As I've been slowly healing, I don't feel tough. I feel pain. I feel a burning pain each time I try to swallow. More than a few times, I thought I wouldn't be able to swallow. I felt like I would die. Literally. I felt like I was going to suffocate because I couldn't will the muscles in my throat to contract. When they finally did, the burning pain started in my throat radiated up into my ears and more than once brought tears to my eyes.

Is that tough?

Part of me wants to laugh at how silly it sounds. Why is a surgery that children often get so painful for an adult? But then I get a twinge of pain as I try to swallow cold water through a straw. So, I'm trying to be tough as I spoon baby food into my mouth. I'm trying to be tough when I go to bed with an ice pack on my neck.

Next month, when I can finally eat solids, and this will be a long-ago memory, I will be glad the tonsils were taken out. I'll be glad that our bodies aren't capable of remembering pain. I'll be glad I can hold a conversation for longer than a few minutes before my tongue starts to ache. And I'll say, yeah, "Fuck, tough."

Wednesday, May 31, 2017

Everything I Never Told You Bares All: A Book Review

I gave Everything I Never Told You by Celeste Ng four stars because it was really good. In fact, it was so good, it hurt. I don't know if I could read it again, though. I felt a lonely ache each time I read it, but I would encourage anyone to read this at least once. I didn't want to give it four stars. I wanted to give it less, because while I would devour the book in lengthy segments of time, it hurt to read it, so it took longer than usual to read. This is a testament to Ng's talent.

I loved the omniscient narrator who gave readers insight into each of the characters innermost thoughts without influencing in anyway. It hurt to read because all the characters were so silently raw and unwilling to speak when needed. There were several times that I wanted to shake any one of the characters, "Say something! Say what you mean!", but I had to remind myself they were not real. Ng made them real. She made the hurt real and while reading, I became almost like the youngest character, Hannah, joining the narrator in "watching" the family.

I would recommend the book for several reasons. For writers, this is a wonderful book for reading an exceptional omniscient narrator as well as how to build flesh and blood characters who will annoy, love, anger, feel sympathy for. As just a reader, it gives a wonderful sense of otherness. If anyone has never felt different or like an other, the novel does an amazing job of showing how a family of others still feel so alone.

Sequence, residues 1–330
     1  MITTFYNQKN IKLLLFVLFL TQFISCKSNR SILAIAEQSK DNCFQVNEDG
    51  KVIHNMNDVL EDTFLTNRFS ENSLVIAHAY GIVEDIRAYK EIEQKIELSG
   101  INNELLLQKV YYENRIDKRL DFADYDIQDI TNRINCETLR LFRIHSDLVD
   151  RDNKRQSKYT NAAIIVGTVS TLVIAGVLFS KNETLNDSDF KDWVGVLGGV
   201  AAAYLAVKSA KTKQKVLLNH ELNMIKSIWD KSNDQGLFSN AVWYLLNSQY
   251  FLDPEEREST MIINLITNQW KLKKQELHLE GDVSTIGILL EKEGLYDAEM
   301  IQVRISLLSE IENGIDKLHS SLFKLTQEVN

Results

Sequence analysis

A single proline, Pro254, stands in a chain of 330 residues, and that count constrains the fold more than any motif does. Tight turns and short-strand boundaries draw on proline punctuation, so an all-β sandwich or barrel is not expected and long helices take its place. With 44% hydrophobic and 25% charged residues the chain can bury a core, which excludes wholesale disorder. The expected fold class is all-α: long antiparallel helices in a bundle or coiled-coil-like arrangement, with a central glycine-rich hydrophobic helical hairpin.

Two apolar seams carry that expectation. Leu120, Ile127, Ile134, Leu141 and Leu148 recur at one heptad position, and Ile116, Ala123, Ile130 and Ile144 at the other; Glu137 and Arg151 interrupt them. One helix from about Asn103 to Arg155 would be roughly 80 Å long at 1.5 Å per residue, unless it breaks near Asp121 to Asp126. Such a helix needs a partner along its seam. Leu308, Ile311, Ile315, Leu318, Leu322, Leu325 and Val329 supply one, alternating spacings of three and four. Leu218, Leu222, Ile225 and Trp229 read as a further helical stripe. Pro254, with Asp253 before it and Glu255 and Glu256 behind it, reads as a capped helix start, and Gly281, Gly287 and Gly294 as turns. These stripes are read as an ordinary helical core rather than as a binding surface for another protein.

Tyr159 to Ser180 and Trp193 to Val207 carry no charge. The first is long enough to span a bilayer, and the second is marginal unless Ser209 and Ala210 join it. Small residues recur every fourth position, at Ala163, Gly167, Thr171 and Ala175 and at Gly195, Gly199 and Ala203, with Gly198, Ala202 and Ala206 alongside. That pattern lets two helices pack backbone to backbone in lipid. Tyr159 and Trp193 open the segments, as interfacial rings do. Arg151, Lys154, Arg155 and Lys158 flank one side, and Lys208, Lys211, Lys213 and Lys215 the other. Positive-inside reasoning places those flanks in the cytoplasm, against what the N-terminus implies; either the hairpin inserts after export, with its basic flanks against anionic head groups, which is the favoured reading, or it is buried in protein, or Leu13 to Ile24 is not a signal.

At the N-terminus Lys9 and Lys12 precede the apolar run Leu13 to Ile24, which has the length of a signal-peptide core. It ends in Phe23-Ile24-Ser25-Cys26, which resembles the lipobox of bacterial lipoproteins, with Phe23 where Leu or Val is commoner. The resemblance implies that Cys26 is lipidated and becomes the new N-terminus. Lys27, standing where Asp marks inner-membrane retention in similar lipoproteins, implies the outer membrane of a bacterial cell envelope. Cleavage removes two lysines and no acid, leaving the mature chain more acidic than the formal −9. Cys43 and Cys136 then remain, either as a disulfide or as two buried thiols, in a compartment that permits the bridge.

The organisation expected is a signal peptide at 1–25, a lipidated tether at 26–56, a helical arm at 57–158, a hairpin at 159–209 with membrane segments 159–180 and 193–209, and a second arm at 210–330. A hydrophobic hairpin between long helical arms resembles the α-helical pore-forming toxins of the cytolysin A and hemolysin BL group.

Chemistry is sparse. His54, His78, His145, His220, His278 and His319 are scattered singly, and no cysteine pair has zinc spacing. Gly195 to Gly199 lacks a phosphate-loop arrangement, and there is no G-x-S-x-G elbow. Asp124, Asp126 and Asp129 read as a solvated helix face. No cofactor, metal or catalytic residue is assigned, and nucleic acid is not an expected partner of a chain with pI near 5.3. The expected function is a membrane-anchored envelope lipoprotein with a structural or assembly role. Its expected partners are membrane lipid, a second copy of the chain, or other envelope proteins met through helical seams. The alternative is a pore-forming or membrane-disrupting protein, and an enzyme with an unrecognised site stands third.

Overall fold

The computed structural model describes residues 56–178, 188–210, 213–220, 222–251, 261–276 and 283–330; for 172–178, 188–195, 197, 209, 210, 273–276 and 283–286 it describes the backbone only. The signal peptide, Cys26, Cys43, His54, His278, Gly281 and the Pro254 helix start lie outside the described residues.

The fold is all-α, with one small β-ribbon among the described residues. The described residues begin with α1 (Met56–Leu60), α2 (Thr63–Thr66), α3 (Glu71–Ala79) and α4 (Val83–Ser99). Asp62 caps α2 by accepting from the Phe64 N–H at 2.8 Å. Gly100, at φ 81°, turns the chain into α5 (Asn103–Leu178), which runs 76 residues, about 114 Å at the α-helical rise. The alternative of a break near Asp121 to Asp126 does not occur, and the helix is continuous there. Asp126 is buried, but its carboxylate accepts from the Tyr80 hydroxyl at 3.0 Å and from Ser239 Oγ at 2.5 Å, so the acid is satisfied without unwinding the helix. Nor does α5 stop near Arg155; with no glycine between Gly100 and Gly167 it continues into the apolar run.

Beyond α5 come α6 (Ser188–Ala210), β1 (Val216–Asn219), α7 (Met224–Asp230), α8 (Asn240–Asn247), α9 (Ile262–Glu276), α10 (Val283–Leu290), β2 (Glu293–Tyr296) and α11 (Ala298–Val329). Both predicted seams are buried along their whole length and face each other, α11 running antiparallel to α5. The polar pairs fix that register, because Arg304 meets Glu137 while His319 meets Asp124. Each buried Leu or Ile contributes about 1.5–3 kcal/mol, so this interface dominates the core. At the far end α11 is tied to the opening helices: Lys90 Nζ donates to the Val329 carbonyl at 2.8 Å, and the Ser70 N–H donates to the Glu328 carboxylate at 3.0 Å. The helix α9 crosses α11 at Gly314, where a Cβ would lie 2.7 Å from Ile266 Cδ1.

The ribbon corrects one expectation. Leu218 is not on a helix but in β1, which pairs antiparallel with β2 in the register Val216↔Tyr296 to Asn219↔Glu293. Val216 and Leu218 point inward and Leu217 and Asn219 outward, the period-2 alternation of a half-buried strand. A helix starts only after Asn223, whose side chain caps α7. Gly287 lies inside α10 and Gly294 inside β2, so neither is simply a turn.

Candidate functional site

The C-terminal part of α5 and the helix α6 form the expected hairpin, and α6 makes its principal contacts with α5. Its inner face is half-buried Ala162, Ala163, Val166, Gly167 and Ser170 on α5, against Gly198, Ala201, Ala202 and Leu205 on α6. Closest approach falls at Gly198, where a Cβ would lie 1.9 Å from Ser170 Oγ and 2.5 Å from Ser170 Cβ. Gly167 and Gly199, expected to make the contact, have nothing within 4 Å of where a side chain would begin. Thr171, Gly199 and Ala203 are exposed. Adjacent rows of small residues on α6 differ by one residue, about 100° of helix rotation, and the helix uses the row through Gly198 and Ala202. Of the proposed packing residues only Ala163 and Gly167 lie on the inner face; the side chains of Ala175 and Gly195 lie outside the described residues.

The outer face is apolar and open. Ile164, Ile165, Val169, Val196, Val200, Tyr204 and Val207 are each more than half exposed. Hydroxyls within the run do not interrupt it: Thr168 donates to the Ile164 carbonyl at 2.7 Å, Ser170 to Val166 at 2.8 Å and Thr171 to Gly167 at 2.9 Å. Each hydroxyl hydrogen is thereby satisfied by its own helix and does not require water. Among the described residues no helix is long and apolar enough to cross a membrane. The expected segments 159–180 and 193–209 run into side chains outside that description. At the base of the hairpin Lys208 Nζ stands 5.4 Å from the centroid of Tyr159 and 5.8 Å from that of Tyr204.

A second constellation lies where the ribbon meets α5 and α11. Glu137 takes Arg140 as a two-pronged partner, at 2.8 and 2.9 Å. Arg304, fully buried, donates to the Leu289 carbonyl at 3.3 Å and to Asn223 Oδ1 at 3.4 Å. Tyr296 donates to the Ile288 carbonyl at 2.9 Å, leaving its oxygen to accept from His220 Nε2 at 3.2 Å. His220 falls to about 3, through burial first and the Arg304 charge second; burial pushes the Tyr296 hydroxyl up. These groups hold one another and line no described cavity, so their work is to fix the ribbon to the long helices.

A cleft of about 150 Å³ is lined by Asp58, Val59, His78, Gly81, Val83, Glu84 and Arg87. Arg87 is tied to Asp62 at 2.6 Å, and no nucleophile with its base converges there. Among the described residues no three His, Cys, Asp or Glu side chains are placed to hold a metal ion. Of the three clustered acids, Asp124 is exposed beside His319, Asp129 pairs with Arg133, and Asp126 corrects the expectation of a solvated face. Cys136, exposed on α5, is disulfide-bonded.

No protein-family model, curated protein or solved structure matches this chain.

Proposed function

Wednesday, May 10, 2017

Review of Helen on 86th Street and Other Stories by Wendy Kaufman

This is an odd book. At first there doesn't seem to be any link between the short stories, but then a common thread starts to show in seams of the pages. The narrators are all women who want to be brave even in the most seedy of situations. They all want to "fake it till the make it". While some of the stories are stronger than others they all have small slaps of reality that linger with you after you've put the book down. Definitely worth a read.

For more book reviews check out my Goodreads 

Thursday, April 20, 2017

From the Center of the Rounder

When I was a kid, and my grandma took me shopping downtown, I used to hide in the rounders filled with clothes Now, I know they're called rounders. Then they were just a giant circle of multi-colored fabrics I could sit in the center in and feel safe. It was always cooler in that shaded center. Less fluorescent. Less department store noise. When I looked up it's center and saw the tunnel of light, I had view of the outside, but inside I was safe. What is that? As children we liked to be surrounded by over stuffed pillows or rainbow quilted forts. I wonder if it's reminiscent of the last womb we felt safe in.

Today, when I got home from work, I sat on the floor outside my husband's closet saying hi to our dogs and telling him about my day while he sat at his desk. Behind me was a pile of dirty clothes, and although I knew they held his musky scent from the gym, I flopped back into the t-shirts and track shorts, jeans and colorful socks, and looked up into the row of hanging clothes and flashed back to my childhood.

Above me hung green and blue and red and pink t-shirts and dress shirts. The bottoms all faced me, wrinkled from being pressed together. The tile floor was cool on my back and the clothes beneath cushioned my head. For a moment, I was six again. I was safe.